It’s hard to not make it sound as if it’s not my ego that needs stroking, but when I think about my work as an author—not as a successful addiction specialist or a counselor—I’m realizing more and more that authors like myself really depend on their immediate communities. Authors need readers; they need support. Like everyone else with a product, authors sell and profit because there’s interest in their work. When there’s no interest, no books get sold and the whole enterprise goes to die in a tower of dusty paperbacks in the back of a bookstore—if the said bookstore even agrees to carry the author’s work.
What’s different about authors who write books intended to carry a specific message intended to help people is that the selling also means the message is indeed being heard. We don’t write to get rich (and let’s be honest, it’s very hard to get rich off writing these days); our primary intention is to be heard and to have others respond. But for that, we need not only readers we can reach through the word-of-mouth and the Internet; we need readers who live in our communities, who can carry this message further, who feel proud and supportive of us.
My memoir, Parallel Universe, is a book with a message. Although touted as a memoir, it is also a story about adoption (relinquishment), betrayal, addiction, recovery, and redemption. I’ve used my own life to shed light on issues that extend beyond just my personal experience. My intention was always to bring attention to taboo subjects that often get covered up because of the prevailing stigma. And I’ve found a vast audience in those who simply struggle to feel like they belong – somewhere and/or everywhere. We live in such challenging times—if we don’t start helping each other soon, we won’t be able to sustain this for much longer. We are isolated, still shell-shocked from the pandemic, and so many of us suffer because of loneliness and lack of mutual understanding. Our mental health is fragile; we don’t know where to turn, who to talk to. For many of us, books are a gateway to connection. Books are safe, books are accessible, they are intimate, but they don’t demand anything more than our attention. And they give so much back! Having read many memoirs and non-fiction books myself, I can testify to books being a safe haven, a starting-off point for me to be able to investigate my own life. They were the first, primary connection with the world I felt so separate from. I wanted to do the same thing with my book.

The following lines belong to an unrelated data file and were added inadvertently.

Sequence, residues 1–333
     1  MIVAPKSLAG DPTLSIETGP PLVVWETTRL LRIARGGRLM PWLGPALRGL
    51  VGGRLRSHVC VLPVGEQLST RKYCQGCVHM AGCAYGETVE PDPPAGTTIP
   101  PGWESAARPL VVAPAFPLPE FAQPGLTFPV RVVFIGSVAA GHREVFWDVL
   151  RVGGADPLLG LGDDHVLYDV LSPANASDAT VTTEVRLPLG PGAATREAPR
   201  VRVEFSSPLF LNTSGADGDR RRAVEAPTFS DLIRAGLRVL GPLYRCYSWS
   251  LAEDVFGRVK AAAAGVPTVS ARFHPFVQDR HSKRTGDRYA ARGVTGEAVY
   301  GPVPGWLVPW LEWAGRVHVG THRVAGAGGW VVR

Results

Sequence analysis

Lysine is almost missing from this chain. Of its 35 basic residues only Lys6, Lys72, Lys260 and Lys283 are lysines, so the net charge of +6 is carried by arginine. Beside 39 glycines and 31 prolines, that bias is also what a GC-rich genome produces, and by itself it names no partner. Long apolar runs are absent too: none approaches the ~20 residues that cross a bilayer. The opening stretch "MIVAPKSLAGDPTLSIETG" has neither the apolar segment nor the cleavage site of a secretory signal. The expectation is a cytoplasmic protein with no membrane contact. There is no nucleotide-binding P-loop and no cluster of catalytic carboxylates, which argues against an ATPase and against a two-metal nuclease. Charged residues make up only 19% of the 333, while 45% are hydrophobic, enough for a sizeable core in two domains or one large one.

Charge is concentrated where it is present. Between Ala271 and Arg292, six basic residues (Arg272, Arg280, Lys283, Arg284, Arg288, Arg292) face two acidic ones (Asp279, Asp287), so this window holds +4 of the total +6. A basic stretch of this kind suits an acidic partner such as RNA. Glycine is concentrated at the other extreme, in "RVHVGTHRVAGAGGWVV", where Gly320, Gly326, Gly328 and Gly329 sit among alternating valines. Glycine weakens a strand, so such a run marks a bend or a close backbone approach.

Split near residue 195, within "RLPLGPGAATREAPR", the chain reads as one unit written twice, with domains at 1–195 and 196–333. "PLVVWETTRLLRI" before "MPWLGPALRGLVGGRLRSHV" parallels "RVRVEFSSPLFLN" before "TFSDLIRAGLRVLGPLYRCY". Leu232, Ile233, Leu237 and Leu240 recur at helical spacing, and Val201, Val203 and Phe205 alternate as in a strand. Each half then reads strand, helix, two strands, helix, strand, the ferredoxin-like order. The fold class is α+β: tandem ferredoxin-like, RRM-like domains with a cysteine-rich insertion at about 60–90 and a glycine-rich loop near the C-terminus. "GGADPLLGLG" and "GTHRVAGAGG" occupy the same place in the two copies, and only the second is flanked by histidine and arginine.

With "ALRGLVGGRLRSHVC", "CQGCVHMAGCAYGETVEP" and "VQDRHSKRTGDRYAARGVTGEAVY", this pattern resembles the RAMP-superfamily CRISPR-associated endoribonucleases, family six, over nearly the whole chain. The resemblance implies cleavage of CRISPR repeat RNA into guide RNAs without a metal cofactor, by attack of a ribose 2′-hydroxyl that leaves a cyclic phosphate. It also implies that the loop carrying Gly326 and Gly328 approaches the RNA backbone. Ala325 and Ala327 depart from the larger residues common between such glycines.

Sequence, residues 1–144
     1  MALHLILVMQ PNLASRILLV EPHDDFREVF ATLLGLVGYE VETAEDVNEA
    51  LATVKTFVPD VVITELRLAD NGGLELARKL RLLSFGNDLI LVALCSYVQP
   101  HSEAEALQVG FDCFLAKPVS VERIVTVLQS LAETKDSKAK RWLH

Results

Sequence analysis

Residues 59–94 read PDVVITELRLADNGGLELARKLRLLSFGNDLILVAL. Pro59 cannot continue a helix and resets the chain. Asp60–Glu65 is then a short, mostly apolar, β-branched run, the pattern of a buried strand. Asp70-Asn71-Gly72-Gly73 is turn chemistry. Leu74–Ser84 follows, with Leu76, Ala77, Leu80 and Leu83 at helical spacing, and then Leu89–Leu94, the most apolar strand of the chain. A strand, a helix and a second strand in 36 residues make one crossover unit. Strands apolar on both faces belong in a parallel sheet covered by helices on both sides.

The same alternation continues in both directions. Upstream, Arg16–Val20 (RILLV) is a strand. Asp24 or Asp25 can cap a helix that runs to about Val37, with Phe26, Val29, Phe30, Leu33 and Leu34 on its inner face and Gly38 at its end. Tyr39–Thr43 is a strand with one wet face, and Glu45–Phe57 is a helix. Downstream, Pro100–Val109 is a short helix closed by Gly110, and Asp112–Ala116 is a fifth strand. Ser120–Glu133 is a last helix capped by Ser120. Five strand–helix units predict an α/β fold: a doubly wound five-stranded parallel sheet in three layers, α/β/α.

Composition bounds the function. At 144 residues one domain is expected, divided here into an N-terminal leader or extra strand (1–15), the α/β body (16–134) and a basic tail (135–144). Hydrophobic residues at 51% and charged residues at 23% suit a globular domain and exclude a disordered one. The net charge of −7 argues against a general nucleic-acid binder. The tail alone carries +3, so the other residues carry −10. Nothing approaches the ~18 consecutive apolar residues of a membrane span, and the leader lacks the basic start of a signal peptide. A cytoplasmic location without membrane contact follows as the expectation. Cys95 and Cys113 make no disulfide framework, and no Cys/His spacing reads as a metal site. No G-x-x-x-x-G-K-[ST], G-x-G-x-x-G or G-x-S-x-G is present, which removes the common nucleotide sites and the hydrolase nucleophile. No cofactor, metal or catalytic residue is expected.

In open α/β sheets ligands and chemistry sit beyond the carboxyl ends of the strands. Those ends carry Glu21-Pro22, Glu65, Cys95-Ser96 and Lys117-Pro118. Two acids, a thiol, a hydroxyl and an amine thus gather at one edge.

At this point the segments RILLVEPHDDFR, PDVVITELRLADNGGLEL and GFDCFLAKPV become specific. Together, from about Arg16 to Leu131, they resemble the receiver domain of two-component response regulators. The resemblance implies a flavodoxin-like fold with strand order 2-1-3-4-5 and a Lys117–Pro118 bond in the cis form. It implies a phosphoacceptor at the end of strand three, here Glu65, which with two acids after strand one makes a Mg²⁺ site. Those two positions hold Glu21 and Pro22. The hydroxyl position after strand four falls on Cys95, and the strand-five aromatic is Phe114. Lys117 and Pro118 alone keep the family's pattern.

When I first decided to expose my life so publicly, I knew that I would be risking judgement, possibly even ridicule. It was scary and exhilarating to finally be able to break the silence and shame that haunted me for so many years. Being a relinquishee and a person with Substance Use Disorder has taught me many maladaptive coping mechanisms, one of them secrecy and hiding behind delusion. I needed to hide my origins because I was not like everyone else with their biological mom and dad and a perfect birth story. I was born to an unwed mother who had to give me up because of the prejudice against women like her—young, unmarried, with an accidental pregnancy—that existed back in her day. And, as an adult, I continued the legacy of secrecy by coping with my trauma through drinking and drugs, hiding my pain and torment from those closest to me. To the outside world, I was a successful father of two with a great career but on the inside, but I was slowly dying: of shame, of addiction, of total disconnect with reality. When I started writing my memoir, my impetus was thinking that surely there are others out there like me—people who live double lives, who hurt and who don’t know how to recover. Whether relinquishees and/ or people with addiction, or some other betrayal or trauma that kept them stuck, there had to be people who would be able to relate! And I had some good news for those people—it was possible to heal! Having a limited platform, writing a book, and going all out with my story—naysayers be damned—seemed like the best option to reach as many of those folks as possible.
But self-promotion is hard, and it’s a delicate balance between taking ownership of the work you’re proud of and trying to convince others that they should pay attention to it in a way that doesn’t seem manipulative. I’ve had some success but I’ve also had a hard time breaking through, especially in my own community, where even stocking my book has been a challenge. The support I’ve gotten has been tremendous, but it’s hard to say if anybody’s paid attention here in East Troy, Wisconsin. Call me a dreamer, but it would mean the world to me to be this place’s another author besides the other one who’s already made a splash. And it would mean the world to me to be supported in the very place where I have healed.
I would like to express my sincere appreciation to Southern Lakes Newspapers for featuring this message in the September 1 -2 , 2022, issue of their Living section.